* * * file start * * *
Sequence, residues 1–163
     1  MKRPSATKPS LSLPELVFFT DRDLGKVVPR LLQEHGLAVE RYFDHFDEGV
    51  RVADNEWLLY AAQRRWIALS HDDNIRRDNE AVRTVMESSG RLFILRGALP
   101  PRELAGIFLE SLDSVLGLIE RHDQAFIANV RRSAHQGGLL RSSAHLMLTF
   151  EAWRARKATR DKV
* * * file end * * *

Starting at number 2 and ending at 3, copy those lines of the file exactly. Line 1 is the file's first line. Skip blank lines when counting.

     1  MKRPSATKPS LSLPELVFFT DRDLGKVVPR LLQEHGLAVE RYFDHFDEGV
    51  RVADNEWLLY AAQRRWIALS HDDNIRRDNE AVRTVMESSG RLFILRGALP